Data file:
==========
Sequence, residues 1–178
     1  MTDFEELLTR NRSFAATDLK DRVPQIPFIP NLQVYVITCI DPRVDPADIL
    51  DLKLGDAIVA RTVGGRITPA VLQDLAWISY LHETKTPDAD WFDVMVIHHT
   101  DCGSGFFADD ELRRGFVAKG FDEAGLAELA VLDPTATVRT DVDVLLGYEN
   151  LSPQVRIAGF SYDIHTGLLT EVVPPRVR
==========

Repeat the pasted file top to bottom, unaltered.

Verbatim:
Sequence, residues 1–178
     1  MTDFEELLTR NRSFAATDLK DRVPQIPFIP NLQVYVITCI DPRVDPADIL
    51  DLKLGDAIVA RTVGGRITPA VLQDLAWISY LHETKTPDAD WFDVMVIHHT
   101  DCGSGFFADD ELRRGFVAKG FDEAGLAELA VLDPTATVRT DVDVLLGYEN
   151  LSPQVRIAGF SYDIHTGLLT EVVPPRVR